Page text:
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Subaru Mechanic: eric remington,
 replied 3 months ago

computer gets confused if wrong part put in like the other tech was telling you

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Customer reply replied 3 months ago
I understand fuel trim, such as how the computer tries to keep STFT close to zero and have LTFT compensate. But fuel trim is about the computer increasing or decreasing injector pulse width based on sensor data. I still haven’t read anything from you regarding ‘rear’ fuel trim. Please either explain why you asked for this, or admit that this is not even a factor.I will check the hood label tomorrow, but I do not see how the sensor could be incorrect. That would require both the original and the replacement sensor being bad, which is highly unlikely as they are Denso parts and not some cheap Chinese brand. I think something else is wrong with the truck.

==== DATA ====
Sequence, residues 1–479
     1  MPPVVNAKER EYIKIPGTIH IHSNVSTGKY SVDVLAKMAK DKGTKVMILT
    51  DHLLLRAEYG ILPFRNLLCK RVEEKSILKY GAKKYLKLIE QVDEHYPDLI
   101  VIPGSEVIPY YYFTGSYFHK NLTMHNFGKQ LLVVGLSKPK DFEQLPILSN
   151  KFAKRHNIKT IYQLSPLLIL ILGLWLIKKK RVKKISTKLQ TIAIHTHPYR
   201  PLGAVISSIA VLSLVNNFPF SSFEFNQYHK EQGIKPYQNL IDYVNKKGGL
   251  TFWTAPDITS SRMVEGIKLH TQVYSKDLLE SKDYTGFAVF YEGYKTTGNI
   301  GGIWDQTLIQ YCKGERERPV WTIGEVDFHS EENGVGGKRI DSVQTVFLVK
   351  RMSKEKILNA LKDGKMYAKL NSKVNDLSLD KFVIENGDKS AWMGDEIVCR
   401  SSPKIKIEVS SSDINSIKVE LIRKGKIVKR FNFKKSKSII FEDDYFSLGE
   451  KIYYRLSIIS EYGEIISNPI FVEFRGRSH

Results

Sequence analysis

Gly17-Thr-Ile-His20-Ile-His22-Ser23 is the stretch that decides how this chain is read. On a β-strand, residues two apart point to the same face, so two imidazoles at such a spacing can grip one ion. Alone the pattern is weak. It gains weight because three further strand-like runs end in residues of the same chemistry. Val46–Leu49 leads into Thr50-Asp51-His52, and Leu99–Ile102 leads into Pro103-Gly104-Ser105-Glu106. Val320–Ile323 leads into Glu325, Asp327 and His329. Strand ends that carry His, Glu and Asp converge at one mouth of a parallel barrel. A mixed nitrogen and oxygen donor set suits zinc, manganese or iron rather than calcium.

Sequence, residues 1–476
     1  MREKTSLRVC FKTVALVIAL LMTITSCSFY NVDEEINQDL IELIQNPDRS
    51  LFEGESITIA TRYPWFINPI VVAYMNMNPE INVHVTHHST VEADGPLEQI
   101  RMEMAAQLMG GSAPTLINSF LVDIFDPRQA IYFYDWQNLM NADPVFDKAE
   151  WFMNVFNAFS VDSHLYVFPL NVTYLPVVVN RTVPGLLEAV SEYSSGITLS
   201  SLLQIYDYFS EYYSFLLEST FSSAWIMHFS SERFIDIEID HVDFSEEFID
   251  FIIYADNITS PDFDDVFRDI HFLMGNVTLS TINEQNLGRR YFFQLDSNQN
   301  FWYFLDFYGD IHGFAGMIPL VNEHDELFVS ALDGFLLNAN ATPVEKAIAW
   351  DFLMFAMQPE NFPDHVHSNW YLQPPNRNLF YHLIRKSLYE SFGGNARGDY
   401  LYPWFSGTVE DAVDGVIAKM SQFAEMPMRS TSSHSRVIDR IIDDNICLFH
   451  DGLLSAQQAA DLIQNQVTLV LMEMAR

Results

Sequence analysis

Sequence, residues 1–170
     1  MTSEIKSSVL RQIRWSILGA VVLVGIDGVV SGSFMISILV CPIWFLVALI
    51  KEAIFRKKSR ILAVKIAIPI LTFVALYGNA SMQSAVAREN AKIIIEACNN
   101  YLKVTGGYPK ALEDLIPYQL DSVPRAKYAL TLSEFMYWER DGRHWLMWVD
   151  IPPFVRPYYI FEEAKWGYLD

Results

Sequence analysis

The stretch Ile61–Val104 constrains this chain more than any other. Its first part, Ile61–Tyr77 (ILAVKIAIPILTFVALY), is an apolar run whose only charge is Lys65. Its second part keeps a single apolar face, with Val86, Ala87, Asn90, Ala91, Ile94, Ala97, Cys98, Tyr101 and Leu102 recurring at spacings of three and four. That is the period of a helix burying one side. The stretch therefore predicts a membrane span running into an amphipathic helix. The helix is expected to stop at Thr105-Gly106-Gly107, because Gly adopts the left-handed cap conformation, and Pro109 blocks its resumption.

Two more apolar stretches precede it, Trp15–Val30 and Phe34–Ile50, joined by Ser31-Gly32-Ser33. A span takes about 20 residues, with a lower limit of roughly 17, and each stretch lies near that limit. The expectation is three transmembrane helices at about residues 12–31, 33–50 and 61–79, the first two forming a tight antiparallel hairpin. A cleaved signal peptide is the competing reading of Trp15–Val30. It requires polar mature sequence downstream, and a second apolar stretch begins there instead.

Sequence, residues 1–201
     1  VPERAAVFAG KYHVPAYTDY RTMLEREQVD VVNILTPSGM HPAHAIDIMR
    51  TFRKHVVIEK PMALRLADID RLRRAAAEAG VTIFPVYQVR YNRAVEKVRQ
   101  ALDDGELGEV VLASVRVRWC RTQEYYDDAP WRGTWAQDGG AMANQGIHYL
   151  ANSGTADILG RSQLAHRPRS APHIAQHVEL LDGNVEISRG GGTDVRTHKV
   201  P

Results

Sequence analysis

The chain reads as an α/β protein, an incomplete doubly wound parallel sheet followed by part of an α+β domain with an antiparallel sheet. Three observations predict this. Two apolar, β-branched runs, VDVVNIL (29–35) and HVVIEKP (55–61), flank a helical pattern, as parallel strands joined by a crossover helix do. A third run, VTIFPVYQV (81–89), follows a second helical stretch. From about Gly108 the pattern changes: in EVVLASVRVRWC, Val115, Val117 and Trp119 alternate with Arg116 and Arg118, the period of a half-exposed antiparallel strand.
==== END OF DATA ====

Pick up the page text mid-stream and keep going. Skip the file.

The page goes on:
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I HAVE A 2002 FORRESTOR THAT HAS 131,000 MILES ON IT. IT HAS STARTED MISSING AND MY MECHANIC SAYS THAT THE FUEL IS RUNNING MUCH TO RICH, WHICH IS CAUSING THE MISSING. HE TRIED NEW SENSORS AND THAT WAS… read more
Mike V.
Mike V.
technician
Subaru and Nissan factory training.
27,024 satisfied customers
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Disclaimer: Information in questions, answers, and other posts on this site ("Posts") comes from individual users, not JustAnswer; JustAnswer is not responsible for Posts. Posts are for general information, are not intended to substitute for informed professional advice (medical, legal, veterinary, financial, etc.), or to establish a professional-client relationship. The site and services are provided "as is" with no warranty or representations by JustAnswer regarding the qualifications of Experts. To see what credentials have been verified by a third-party service, please click on the "Verified" symbol in some Experts' profiles. JustAnswer is not intended or designed for EMERGENCY questions which should be directed immediately by telephone or in-person to qualified professionals.